The coils may be made of radiolucent fibers or polymers (or metallic threads coated with radiolucent or radiopaque fibers) such as Dacron (polyester), polyglycolic acid, polylactic acid, fluoropolymers (polytetrafluoro-ethylene), Nylon (polyamide), or even silk. Should a polymer be used as the major component of the vaso-occlusive member, it is desirably filled with some amount of a known radiopaque material such as powdered tantalum, powdered tungsten, bismuth oxide, barium sulfate, and the like.
Generally speaking, when the device is formed of a metallic coil and that coil is a platinum alloy or a superelastic alloy such as nitinol, the diameter of the wire used in the production of the coil will be in the range of 0.0005 and 0.006 inches. The wire of such diameter is typically then wound into a primary coil having a primary diameter of between 0.005 and 0.035 inches. For most neurovascular indications, the preferable diameter is 0.010 to 0.018 inches. We have generally found that the wire may be of sufficient diameter to provide a hoop strength to the resulting device sufficient to hold the device in place within the chosen body cavity without distending the wall of the cavity and without moving from the cavity as a result of the repetitive fluid pulsing found in the vascular system.
The axial length of the primary coil will usually fall in the range of 0.5 to 100 cm, more usually 2.0 to 40 cm. Depending upon usage, the coil may well have 100-400 turns per centimeter, preferably 200-300 turns per centimeter. All of the dimensions here are provided only as guidelines and are not critical to the invention. However, only dimensions suitable for use in occluding sites within the human body are included in the scope of this invention.
The overall diameter of the device as deployed is generally between 2 and 20 millimeters. Most aneurysms within the cranial vasculature can be treated by one or more devices having those diameters. Of course, such diameters are not a critical aspect of the invention.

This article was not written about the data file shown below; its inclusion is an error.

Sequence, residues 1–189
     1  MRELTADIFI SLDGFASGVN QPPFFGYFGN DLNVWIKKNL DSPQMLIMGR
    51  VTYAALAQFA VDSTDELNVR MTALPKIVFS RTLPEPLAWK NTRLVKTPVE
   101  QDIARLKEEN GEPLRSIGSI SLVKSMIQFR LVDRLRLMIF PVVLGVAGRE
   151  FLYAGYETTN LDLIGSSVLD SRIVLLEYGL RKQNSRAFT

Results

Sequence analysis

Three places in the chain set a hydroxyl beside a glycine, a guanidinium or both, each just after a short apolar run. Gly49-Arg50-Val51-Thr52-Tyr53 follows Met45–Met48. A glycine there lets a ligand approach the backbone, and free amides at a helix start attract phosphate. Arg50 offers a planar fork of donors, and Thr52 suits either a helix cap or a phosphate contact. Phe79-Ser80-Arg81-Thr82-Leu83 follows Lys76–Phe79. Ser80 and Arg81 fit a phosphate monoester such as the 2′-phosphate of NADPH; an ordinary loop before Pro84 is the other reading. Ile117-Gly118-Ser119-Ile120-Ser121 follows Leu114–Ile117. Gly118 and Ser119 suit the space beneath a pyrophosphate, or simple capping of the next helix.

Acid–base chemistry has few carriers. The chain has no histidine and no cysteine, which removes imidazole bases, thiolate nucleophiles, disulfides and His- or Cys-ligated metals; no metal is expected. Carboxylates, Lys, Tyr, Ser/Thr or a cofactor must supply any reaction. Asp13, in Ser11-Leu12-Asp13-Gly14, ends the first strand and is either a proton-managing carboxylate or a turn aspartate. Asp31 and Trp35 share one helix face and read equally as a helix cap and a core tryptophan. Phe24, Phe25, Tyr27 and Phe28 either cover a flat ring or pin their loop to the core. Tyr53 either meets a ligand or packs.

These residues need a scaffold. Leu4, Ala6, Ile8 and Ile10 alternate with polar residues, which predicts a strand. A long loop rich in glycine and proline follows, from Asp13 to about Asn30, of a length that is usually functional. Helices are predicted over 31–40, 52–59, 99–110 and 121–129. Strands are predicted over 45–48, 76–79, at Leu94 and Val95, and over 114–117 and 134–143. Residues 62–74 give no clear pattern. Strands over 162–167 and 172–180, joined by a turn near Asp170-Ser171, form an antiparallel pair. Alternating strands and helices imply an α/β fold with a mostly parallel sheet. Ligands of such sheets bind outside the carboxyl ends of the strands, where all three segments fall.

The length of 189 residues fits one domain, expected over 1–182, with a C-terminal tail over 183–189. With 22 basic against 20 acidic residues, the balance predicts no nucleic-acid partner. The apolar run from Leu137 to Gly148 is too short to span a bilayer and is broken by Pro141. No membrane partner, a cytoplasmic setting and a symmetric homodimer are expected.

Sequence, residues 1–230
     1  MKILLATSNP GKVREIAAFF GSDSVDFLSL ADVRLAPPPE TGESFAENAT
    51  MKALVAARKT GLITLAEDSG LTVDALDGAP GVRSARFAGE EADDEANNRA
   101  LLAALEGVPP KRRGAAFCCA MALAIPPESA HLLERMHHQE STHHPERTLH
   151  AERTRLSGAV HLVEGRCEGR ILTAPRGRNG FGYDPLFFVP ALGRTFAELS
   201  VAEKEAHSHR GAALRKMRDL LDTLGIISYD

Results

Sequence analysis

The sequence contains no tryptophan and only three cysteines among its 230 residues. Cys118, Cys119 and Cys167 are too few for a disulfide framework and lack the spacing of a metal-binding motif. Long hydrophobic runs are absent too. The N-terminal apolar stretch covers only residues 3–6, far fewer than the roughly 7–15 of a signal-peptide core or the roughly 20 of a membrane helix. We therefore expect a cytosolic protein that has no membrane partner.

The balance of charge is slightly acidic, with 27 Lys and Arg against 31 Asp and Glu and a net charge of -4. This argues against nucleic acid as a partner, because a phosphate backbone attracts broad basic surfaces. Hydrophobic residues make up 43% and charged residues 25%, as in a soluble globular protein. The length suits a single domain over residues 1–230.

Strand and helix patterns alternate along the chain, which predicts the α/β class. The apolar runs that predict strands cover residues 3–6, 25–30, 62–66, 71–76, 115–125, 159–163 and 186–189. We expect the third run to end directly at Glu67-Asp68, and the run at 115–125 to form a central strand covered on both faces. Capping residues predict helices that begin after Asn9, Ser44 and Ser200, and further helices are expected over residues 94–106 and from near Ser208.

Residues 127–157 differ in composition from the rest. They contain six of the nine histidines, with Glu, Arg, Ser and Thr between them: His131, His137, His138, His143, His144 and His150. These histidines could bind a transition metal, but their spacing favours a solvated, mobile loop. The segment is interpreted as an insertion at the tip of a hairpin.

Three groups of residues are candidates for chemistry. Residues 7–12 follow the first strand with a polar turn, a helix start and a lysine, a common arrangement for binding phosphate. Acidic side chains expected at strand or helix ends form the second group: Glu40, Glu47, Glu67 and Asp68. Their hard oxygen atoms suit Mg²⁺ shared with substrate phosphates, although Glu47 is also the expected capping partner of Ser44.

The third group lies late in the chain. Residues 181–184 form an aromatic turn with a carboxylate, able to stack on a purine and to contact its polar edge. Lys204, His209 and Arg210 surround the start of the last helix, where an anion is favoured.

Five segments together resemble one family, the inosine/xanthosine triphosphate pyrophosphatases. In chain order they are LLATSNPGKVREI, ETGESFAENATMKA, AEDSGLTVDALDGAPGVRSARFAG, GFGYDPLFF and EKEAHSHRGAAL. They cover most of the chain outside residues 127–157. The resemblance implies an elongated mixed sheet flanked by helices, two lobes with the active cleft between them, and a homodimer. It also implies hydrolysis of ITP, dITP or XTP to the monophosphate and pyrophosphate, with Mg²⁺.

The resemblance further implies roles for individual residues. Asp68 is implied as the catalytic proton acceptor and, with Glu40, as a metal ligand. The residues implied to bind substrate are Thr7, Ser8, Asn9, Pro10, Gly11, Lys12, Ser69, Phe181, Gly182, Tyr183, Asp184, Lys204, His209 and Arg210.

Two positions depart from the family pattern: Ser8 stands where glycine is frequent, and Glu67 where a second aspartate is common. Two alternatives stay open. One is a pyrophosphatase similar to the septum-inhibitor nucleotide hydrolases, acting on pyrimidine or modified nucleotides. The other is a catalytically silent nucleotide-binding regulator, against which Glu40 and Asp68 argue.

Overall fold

Central to the present invention is flattening certain areas of the primary coil to promote formation of a three-dimensional structure when deployed into a body cavity. Thus, the coil material (e.g., an elongated wire) is first wound into a primary coil as described above using a mandrel which functions as a support for winding and/or annealing. The winding mandrel should be of sufficient heat resistance to allow a moderate annealing step. The mandrel may be made of a refractory material such as glass, alumina or zirconia (for heat-treating devices made of purely metallic components) or may be made of a metallic material (e.g., stainless steel). The pattern of winding and/or flattening on the mandrel provides both the three dimensional shape of the invention at deployment and also determines which areas of the coil are in contact with which areas of the mandrel. The mandrel and attached coil are annealed (e.g., by heating inductively or in a furnace). A typical annealing step for a platinum/tungsten alloy coil would involve a 1100° F. heating step in air for about between about 15-20 minutes to about 6 hours. The primary coil is typically linear after it has been wound and annealed.